Inverting the AO computation doesn’t give the same result, because we’re not comparing the same thing, since the surface is “flipped” and faces are now oriented towards the inside of the mesh.

If we compare this with regular AO, it’s really not the same thing, and we can clearly see why:

Even color-inverted, you can see that the results are not the same. The occlusion on the original mesh happens with it outside hull, where as the normal-inversion gets occlusion from the inside hull, which are totally different results (and, in a way, totally different shapes).

2. In the GDC talk, some examples were shown of the results from using a full RGB color in the local thickness map (e.g. for human skin). The full-color local thickness map itself was not shown, though. I’m curious how these assets are authored, and wonder if you have any examples you might share?

For this demo, we basically just generated the inverted AO map, and multiplied it by a nice uniform and saturated red (the same kind of red you can see when you put your finger in front of a light). It can be more complex, and artists can also paint the various colors they want in order to get better results (i.e. in this case, some shades of orange and red, rather than a uniform color). Nonetheless, we felt it was good enough for this example. With proper tweaking, I’m sure you can make it even look better! :)

To illustrate how we generated the translucency/thickness maps for the objects in the talk, here’s another example with everyone’s favorite teapot:

We used 3D Studio MAX. To generate inverted normals, we use the Normal modifier and select Flip normals:

Make sure your mesh is properly UV-unwrapped. We then use the Render to Texture with Mental Ray to generate the ambient occlusion map for the normal-inverted object:

Notice how the Bright and Dark are inverted (compared to the default values). Here are some general rules/tips for generating a proper translucency/thickness map:

  • Make sure to select Ambient Occlusion when adding the object as output, and the proper UV channel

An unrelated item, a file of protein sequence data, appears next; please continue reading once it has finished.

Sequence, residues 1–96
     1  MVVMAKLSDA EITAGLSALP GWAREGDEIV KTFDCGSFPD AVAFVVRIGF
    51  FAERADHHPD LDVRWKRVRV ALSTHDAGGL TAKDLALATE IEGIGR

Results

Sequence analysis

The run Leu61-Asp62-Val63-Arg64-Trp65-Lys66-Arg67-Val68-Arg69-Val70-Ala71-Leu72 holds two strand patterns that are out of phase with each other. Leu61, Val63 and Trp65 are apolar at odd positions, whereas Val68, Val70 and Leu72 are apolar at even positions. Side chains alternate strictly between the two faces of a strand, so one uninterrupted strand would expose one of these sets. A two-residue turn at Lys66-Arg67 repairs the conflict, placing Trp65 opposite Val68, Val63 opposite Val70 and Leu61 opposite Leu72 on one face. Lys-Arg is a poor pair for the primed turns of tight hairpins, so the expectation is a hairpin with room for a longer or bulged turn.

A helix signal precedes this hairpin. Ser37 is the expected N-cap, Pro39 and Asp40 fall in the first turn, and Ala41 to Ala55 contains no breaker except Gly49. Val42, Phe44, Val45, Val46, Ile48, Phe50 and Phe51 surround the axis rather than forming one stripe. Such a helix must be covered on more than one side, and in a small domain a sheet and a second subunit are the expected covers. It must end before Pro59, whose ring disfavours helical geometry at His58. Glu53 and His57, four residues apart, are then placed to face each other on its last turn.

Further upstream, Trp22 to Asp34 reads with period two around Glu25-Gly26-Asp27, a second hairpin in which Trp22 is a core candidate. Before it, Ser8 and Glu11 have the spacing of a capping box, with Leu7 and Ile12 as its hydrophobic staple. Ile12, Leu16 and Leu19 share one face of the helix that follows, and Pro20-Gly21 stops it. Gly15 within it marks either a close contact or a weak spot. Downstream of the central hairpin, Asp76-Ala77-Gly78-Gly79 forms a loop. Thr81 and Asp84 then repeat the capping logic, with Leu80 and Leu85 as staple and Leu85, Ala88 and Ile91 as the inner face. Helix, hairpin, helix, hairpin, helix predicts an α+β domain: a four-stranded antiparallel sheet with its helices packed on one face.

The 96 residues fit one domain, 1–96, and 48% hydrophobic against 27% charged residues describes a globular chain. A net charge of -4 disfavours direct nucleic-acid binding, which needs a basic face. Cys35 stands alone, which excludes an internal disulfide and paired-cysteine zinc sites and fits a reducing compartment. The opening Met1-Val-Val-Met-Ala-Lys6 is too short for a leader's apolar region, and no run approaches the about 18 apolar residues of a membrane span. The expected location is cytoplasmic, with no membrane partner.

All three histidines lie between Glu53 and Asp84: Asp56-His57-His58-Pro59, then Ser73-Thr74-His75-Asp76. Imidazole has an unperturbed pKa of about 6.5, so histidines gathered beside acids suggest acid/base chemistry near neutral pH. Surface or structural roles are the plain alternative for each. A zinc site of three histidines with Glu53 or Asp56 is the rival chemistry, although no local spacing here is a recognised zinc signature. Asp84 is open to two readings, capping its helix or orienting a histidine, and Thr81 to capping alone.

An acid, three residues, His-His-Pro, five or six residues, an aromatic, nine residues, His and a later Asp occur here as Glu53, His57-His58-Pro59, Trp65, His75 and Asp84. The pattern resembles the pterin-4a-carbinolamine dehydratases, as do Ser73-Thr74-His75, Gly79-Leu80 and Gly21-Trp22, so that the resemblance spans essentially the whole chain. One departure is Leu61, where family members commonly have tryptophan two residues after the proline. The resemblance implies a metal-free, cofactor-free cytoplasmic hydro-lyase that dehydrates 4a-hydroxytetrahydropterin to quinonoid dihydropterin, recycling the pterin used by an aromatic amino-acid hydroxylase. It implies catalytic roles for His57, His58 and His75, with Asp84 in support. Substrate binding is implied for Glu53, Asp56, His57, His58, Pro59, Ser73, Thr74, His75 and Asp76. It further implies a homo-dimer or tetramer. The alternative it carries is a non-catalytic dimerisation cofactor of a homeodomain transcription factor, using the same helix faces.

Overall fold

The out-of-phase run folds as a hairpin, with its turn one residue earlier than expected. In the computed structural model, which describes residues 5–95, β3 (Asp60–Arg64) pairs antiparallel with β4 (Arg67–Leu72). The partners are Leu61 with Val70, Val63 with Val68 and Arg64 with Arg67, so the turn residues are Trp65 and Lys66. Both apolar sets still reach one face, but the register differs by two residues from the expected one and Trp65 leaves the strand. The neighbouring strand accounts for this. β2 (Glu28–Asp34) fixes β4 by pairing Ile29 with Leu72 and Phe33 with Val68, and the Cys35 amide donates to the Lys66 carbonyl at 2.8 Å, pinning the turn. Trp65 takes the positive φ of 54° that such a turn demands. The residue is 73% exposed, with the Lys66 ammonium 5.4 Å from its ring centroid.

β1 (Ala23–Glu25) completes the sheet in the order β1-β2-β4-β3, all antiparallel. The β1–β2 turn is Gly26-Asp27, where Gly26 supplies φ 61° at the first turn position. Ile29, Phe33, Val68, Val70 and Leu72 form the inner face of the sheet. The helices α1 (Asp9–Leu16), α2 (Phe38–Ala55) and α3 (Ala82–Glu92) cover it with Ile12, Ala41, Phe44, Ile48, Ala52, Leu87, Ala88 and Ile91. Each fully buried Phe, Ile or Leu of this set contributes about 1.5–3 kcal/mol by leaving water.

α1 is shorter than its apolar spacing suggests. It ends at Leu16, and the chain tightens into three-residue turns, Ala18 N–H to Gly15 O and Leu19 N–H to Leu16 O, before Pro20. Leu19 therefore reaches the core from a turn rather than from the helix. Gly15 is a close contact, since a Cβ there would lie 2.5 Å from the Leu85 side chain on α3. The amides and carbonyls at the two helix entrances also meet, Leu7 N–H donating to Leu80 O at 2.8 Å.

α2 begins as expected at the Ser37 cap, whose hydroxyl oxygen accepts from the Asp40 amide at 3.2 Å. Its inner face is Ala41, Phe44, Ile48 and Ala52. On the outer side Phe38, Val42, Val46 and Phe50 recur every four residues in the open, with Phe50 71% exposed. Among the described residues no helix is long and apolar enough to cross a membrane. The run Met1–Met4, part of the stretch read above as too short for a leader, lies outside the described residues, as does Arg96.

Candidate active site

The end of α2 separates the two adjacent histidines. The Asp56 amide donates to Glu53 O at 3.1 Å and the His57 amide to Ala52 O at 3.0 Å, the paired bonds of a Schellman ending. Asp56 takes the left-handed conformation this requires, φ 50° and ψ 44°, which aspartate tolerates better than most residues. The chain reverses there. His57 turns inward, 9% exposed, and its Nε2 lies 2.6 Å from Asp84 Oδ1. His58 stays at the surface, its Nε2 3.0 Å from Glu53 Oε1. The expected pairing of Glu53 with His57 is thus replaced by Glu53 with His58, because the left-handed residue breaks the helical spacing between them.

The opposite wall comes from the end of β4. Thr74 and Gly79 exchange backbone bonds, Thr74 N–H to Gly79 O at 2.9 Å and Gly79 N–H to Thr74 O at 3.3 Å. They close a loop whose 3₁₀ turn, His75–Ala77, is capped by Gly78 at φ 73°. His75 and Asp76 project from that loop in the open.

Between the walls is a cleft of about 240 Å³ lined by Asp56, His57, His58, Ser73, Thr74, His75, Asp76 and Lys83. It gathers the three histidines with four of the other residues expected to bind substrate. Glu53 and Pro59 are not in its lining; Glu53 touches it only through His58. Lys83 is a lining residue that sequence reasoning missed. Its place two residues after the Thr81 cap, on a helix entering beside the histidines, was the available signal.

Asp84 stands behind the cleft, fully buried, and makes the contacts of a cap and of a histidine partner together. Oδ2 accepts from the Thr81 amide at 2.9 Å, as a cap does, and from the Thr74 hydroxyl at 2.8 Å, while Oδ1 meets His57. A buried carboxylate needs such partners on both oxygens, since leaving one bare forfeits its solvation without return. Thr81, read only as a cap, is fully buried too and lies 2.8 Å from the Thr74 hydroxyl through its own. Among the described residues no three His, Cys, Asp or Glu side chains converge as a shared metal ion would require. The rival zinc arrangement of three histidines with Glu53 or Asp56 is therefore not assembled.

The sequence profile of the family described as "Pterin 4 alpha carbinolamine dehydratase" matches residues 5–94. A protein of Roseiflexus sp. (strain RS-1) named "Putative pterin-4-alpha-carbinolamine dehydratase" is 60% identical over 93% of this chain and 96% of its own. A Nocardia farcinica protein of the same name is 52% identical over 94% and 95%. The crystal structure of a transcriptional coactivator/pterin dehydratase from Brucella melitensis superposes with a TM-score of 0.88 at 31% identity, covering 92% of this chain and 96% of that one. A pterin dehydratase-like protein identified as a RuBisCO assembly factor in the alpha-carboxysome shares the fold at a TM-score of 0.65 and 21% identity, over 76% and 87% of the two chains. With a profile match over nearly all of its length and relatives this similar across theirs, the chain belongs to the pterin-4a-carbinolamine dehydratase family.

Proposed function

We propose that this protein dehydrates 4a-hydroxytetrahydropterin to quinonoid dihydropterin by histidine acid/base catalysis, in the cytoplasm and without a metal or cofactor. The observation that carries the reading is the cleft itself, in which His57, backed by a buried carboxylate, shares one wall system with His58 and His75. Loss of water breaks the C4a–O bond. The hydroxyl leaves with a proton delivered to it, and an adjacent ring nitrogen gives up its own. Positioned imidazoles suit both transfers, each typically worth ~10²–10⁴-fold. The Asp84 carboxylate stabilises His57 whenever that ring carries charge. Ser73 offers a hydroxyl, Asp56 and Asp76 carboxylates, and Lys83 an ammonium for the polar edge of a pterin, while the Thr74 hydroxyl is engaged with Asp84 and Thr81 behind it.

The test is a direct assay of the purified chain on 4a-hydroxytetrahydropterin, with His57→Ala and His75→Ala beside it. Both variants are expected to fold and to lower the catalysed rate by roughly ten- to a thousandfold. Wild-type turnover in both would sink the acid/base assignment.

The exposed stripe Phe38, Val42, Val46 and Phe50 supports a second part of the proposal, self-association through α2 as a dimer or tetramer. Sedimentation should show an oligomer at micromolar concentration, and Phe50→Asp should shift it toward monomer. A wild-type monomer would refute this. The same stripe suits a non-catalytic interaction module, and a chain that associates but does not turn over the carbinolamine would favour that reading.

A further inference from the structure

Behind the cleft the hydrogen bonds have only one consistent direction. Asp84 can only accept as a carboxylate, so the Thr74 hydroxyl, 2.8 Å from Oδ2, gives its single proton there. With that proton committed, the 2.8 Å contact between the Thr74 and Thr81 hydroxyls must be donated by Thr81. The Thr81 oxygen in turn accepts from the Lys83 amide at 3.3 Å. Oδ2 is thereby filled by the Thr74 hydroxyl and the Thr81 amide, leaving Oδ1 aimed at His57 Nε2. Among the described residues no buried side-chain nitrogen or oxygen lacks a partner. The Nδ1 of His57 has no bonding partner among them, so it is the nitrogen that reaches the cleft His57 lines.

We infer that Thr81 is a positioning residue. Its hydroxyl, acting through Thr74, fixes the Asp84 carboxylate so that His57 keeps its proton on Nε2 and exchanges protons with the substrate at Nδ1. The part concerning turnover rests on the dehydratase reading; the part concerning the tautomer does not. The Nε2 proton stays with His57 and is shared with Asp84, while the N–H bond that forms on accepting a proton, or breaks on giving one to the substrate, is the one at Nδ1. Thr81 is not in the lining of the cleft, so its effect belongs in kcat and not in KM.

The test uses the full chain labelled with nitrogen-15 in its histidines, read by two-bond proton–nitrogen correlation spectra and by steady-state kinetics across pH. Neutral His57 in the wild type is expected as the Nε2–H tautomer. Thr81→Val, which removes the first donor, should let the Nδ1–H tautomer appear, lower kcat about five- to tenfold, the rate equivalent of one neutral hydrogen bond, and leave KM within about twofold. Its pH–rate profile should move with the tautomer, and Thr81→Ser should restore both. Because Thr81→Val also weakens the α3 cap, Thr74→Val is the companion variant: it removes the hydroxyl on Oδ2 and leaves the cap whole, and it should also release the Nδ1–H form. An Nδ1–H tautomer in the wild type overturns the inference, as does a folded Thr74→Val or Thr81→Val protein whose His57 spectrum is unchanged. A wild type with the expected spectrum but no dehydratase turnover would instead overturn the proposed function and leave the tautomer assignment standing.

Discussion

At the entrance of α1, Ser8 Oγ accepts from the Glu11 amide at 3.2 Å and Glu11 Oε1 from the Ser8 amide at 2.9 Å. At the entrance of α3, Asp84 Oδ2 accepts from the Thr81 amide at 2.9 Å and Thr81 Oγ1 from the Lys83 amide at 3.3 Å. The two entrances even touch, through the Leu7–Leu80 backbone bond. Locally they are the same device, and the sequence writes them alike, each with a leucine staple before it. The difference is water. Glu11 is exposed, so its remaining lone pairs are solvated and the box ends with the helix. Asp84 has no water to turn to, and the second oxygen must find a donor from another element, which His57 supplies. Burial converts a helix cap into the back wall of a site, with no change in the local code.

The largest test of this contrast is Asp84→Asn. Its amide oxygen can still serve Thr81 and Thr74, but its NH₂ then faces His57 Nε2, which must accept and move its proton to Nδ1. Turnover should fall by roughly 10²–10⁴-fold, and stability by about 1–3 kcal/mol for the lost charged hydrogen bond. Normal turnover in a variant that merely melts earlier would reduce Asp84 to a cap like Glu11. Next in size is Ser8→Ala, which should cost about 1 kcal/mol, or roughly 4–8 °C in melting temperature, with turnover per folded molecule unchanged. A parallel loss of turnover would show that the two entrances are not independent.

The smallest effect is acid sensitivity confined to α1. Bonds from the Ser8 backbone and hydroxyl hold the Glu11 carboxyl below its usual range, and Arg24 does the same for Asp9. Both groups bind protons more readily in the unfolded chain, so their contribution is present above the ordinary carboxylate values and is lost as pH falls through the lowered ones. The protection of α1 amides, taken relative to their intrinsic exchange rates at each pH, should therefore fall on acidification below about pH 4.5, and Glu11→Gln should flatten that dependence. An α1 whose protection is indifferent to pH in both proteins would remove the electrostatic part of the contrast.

• Set the Dark color to the maximum value you want for translucency (white = max, black = min)
  • Set the Bright color to the minimum value you want for translucency (ie.: we use 50% gray, because we want minimal translucency everywhere on the object)
  • Play with the values in the yellow rectangle to get the results you want
  • Max Dist is the distance traveled by the rays. If you have a big object, make it bigger. The opposite for a small object.
  • Increase the number of samples and the resolution once you have what you roughly want, for improved visuals (ie.: less noise)

That is all for now. Hope this helps! :)

GDC 2011 – Approximating Translucency for a Fast, Cheap and Convincing Subsurface Scattering Look

As presented at GDC 2011, here’s my (and the legendary Marc Bouchard) talk on our real-time approximation of translucency, featured in the Frostbite 2 engine (used for DICE’s Battlefield 3). These are the slides that we presented, along with audio. Enjoy! :)



Marc and I would like to thank the following people for their time, reviews and constant support:

For those we managed to meet, we had such a good time with all of you at GDC. Always happy to interact with passionate game developers – this is what makes our industry so great! We hope to see you soon again! :)

GDC 2011 Talks You Should Attend

As seen in the previous post, I’ll be presenting at GDC 2011. We also have several AMAZING speakers from EA (Electronic Arts) whose talk you should attend:

SPU-based Deferred Shading in BATTLEFIELD 3 for Playstation 3


Christina Coffin (DICE), @ChristinaCoffin


This session presents a detailed programmer oriented overview of our SPU based shading system implemented in DICE’s Frostbite 2 engine and how it enables more visually rich environments in BATTLEFIELD 3 and better performance over traditional GPU-only based renderers. We explain in detail how our SPU Tile-based deferred shading system is implemented, and how it supports rich material variety, High Dynamic Range Lighting, and large amounts of light sources of different types through an extensive set of culling, occlusion and optimization techniques.


Attendees will learn how SPU based shading allows a rich variety in materials, more complex lighting and enables offloading of traditional GPU work over to SPUs. Optimization techniques used to minimize SPU processing time for various scenarios will also be taught. Attendees will understand how to technically design, balance and analyze the performance of a game environment that uses an SPU based shading system. Attendees will learn key points of creating and optimizing code and data processing for high throughput shading on SPUs.

[Intended Audience]

This session is intended for advanced programmers with an understanding of current forward and deferred rendering techniques, as well as console development experience. Knowledge of lower level programming in vector intrinsic, assembly language, and structure-of-arrays versus array-of-structures data processing is recommended.


Lighting You Up in BATTLEFIELD 3


Kenny Magnusson (DICE)